Like most insurance policies, a home insurance policy will have exclusion, including floods or war, including a nuclear explosion from any source—this exclusion, amongst other standard exclusions (like termites). In exceptional cases such as floods, the homeowner can purchase additional insurance options separately before the incident. Insurance price varies to reflect the replacement cost, usually upon applying an inflation factor or a cost index.

 All homeowner insurance packages will have Liability bundled with building, contents, and other extension coverage. 

 

What is Liability Insurance Coverage?

You might wonder why you need liability insurance in your home. Why does your home insurance include liability insurance under the policy? Liability insurance offers you protection against lawsuits and any fines when either you, your family, or the pets hurt or cause damage to someone else or another property. For instance, when a visitor falls down the stairs breaking his hip in your house due to snow, garbage or toys left unintentionally. Under the circumstances, you are likely to be found responsible for their injuries. The insurance company can pay their medical bills or any other incurred damage. This coverage could also include the legal fees you will incur when dealing with these types of claims. Please note that liability insurance only covers accidents happening to people visiting you or damage to others' property but not you, your family, or your property. The property insurance section of your homeowner's insurance will cover your property, not under Liability. There has been misconception from insured when they see millions of dollars on liability section and assume they have coverage up to a million on whatever they owned. Such perception is wrong.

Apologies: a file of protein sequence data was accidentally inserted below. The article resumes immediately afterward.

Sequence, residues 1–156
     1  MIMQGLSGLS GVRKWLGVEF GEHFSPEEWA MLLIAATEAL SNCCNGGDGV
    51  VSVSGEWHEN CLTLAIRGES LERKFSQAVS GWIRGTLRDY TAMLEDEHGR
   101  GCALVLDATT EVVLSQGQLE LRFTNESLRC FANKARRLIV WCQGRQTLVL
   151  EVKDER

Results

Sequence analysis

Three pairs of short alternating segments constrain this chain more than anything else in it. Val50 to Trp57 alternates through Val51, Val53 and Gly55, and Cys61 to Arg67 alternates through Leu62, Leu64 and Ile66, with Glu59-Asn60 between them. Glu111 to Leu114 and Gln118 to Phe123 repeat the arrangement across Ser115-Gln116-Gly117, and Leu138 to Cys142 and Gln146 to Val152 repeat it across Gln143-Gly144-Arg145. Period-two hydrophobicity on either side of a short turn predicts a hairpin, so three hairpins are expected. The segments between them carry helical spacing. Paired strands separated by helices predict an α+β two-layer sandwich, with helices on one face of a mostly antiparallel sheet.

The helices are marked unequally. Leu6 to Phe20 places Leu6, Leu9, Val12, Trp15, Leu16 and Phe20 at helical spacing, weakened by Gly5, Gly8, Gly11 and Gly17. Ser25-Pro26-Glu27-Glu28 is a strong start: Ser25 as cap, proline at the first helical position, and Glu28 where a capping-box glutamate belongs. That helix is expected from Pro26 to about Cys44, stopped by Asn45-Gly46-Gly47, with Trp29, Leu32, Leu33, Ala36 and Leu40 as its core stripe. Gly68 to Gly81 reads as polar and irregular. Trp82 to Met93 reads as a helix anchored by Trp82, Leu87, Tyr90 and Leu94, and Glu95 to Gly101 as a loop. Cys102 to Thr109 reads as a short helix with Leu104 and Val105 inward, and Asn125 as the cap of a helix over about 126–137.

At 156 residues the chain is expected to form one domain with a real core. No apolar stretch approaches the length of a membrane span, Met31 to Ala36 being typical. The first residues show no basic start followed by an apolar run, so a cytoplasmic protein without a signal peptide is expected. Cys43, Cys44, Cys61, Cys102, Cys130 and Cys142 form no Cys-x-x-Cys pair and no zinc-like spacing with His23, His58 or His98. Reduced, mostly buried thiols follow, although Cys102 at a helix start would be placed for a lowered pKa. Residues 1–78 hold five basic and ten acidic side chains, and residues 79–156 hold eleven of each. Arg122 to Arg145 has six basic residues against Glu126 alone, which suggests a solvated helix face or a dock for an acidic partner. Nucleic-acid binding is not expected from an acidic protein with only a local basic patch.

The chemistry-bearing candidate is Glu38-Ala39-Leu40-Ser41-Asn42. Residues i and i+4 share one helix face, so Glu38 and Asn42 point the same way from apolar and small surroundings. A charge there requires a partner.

To verify what liability coverages and limits are under your policy, you will need to consult with your insurance provider. 

 

What's included in the Building Coverage?